Obsessions are not destructive by nature. Google “Obsession with Triathlon” and you will find many positive stories of obsession in our sport. It is the opportunity cost associated with your obsession that may incur collateral damage. And so those of you with loved ones who may not understand your passion, I highly recommend making deposits into their emotional bank accounts; especially if you’re doing Ironman distance. Make quality deposits; many and often because their will come a time when you will need to make an Ironman size withdrawal.
Ironman can be summed up as one of the most narcissistic, selfish, self obsorbing, time consuming, financially, physically, and mentally draining sports the general public can participate in voluntarily. That being said, those of us who understand Ironman and its journey know the sense of accomplishment is immeasurable. I challenge you to find another product that sells out a year in advance 1 hour after it goes on the market at a cost of $450. If you can find others to embark on the journey with you, even better. But keep in mind, nothing rewarding is easy. And so for a short period in your life, it’s OK to be selfish if you’re willing and capable to be selfless at other times in your life.
History is not really appreciated until its long past. Those brave enough to have been different are now regarded as founders of our country, great inventors, influential people, etc…If these key people were unwilling to try something new for fear of being “different”, would we still live in the same world we live in today?
By choosing to do triathlons (or an equivalent type A personality activity), you may be considered, or made to feel, different. Those who don’t understand, or possibly intimidated by, your courage may point and sometimes say mean things. Regardless, don’t hide what defines you. Someone once said to me, “The least we can do is figure out what we hope. The most we can do is to live inside that hope.”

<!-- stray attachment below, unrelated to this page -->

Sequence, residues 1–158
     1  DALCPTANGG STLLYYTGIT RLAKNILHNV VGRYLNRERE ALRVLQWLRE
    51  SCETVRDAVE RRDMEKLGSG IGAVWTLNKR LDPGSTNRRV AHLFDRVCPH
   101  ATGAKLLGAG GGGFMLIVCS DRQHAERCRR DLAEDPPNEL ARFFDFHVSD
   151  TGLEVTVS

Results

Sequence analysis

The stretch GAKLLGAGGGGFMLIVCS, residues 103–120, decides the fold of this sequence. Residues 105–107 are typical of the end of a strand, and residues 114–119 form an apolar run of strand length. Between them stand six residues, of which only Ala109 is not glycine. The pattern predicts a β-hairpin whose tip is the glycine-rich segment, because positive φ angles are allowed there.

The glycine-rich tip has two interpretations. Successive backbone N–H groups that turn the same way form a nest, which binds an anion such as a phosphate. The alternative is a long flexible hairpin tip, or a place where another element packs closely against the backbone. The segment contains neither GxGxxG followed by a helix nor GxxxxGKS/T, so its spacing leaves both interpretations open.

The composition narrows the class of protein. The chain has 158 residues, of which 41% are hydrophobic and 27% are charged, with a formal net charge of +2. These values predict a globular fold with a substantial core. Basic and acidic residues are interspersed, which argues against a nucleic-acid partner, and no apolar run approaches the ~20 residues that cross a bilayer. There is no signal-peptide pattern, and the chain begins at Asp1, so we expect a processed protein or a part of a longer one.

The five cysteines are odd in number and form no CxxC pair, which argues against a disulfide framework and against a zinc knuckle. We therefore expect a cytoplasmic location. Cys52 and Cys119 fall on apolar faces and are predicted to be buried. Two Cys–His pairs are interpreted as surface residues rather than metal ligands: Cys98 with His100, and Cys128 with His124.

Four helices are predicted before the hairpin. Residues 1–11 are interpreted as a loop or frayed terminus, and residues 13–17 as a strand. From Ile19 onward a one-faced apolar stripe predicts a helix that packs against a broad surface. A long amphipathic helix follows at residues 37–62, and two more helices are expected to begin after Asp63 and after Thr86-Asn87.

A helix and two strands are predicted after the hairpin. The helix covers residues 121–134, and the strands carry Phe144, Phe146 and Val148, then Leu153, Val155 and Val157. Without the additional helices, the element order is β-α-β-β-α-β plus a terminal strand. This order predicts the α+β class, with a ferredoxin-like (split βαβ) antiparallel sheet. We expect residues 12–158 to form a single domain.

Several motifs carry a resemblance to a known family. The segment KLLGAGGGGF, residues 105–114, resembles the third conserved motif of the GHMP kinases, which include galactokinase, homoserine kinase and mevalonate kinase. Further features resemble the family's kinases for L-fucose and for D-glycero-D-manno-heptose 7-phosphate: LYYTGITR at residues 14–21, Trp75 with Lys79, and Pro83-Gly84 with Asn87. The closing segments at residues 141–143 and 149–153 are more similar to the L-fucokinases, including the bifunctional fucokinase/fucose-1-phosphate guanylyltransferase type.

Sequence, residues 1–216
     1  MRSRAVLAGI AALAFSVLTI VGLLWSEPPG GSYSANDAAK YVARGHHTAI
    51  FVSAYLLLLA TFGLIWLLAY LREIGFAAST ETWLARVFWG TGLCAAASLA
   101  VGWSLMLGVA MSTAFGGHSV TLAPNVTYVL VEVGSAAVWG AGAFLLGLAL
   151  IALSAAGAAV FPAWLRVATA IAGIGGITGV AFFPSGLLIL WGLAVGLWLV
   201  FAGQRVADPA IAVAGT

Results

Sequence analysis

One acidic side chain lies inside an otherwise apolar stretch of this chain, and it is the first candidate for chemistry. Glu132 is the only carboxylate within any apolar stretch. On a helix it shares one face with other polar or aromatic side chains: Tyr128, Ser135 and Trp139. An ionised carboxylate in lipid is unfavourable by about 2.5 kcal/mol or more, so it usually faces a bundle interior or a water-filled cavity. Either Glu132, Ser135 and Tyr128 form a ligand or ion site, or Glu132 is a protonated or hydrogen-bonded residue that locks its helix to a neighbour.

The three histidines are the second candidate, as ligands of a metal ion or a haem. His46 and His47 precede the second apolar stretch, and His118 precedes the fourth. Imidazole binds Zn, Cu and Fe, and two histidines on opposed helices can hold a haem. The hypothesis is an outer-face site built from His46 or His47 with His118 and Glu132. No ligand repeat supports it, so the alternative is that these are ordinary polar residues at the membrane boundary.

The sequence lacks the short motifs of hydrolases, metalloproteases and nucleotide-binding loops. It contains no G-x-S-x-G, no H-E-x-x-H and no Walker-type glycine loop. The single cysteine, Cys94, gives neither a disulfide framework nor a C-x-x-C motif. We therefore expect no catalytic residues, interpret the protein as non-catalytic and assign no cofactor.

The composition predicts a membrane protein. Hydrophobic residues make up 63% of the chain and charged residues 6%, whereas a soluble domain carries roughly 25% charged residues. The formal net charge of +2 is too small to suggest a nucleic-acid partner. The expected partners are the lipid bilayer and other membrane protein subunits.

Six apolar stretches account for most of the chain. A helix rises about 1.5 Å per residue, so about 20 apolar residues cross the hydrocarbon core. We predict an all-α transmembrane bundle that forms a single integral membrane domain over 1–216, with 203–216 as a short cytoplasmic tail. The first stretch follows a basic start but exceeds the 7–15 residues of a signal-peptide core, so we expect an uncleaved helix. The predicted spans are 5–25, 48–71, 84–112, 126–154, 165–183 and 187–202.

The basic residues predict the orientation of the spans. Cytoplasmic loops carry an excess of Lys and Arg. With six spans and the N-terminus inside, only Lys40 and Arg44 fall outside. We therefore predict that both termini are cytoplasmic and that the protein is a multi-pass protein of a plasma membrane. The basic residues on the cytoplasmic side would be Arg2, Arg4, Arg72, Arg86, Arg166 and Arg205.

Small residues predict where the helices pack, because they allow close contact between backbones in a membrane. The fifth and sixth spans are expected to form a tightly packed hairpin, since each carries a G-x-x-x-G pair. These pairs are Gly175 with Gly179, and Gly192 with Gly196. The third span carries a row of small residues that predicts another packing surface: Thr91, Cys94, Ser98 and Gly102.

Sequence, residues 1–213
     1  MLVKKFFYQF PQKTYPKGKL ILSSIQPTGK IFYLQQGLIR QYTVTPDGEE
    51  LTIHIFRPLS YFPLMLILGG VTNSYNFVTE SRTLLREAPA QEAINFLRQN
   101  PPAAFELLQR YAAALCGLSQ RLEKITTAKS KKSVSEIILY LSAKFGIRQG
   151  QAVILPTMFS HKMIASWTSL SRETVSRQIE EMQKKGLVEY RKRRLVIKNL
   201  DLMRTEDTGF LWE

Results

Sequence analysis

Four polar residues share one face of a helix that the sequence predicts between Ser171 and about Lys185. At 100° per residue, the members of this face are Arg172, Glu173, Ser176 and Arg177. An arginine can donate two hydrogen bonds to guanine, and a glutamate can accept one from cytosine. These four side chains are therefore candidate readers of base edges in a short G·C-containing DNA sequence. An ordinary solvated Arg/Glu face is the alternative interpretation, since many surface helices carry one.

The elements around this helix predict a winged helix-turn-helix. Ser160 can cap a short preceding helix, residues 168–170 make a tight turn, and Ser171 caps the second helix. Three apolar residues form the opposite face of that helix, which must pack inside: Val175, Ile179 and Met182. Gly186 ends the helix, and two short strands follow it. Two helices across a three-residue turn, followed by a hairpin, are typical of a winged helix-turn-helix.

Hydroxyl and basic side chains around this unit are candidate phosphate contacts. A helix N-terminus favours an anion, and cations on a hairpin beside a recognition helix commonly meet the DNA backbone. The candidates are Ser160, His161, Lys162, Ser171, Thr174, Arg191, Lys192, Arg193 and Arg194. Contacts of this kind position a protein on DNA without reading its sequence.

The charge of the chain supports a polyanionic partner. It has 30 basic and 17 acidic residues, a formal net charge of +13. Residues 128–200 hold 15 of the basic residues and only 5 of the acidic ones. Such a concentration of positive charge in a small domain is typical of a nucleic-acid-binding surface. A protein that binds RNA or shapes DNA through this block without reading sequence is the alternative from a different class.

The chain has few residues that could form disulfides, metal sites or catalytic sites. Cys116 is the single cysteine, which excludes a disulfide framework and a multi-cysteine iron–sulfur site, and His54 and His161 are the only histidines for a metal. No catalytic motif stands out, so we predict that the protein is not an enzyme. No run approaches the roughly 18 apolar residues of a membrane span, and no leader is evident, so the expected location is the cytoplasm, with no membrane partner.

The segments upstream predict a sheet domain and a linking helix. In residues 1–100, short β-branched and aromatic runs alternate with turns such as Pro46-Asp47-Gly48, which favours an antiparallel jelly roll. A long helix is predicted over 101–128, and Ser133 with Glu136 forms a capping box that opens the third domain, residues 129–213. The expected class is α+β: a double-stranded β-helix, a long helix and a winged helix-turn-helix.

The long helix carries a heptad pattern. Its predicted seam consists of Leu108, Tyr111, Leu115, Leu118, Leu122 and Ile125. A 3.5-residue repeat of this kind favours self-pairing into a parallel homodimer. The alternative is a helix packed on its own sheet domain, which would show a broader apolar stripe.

The naked eye only sees the amount of training required to prepare for our sport making the use of the word obsession an easy label. The naked eye may not appreciate the PASSION associated with training and racing. The friendships built through triathlon are priceless. The difference between fans of major sports and us is that each of us has a different reason for our passion. Eccentric, difficult, maybe even certifiably crazy, these goals draw us together in the same way a baseball game collects baseball fans. We just happen to participate in our passion a little…OK, a lot! I can’t go to the batting cages and hit a few with Mr. Bonds. I can’t go play catch with Tom Brady. You think Kobi might shoot a few hoops with me? Probably not. But I can line up side by side with the any professional triathlete and race the same course with the same rules.
The feelings we have for triathlon, or other individual sports, are clear to us but hazy to others. Consequently, your hobby inherits characteristics of both passion and obsession. Attempting to define or rationalize your behavior may not be the best approach because it’s very subjective. Doesn’t is seem like we live by a different set of values? Life isn’t hard enough, we need more to overcome….and we like it that way. Hmmmm Funny that!!!
What’s the bottom line? I think you’re better off ensuring the emotional bank accounts surrounding you are well stocked (with your personal deposits). Second, while the sport is not easy, it needs to be fun. When its not, walk away. Third, ask yourself, does my passion help support my work-life balance needs or does my life revolve around my obsession?
One last thought for those on the receiving end of the word obsession (as defined by my Google lookup)….Never wrestle with a pig. You get dirty and the pig likes it.
My 2 cents …worth about 1
Tony Troccoli has been a certified USA Triathlon and USA cycling since 2001. Tony has competed in nearly 20 Ironman events including Kona and coaches locally in the Southern California area and on-line nationwide. Thousands of athletes have had successful training and racing experiences using Tony’s pre-built, easy-to-follow training programs. Tony is also a F.I.S.T certified bike fitter and soon to be Certified Total Immersion instructor. Contact Tony at email@example.com.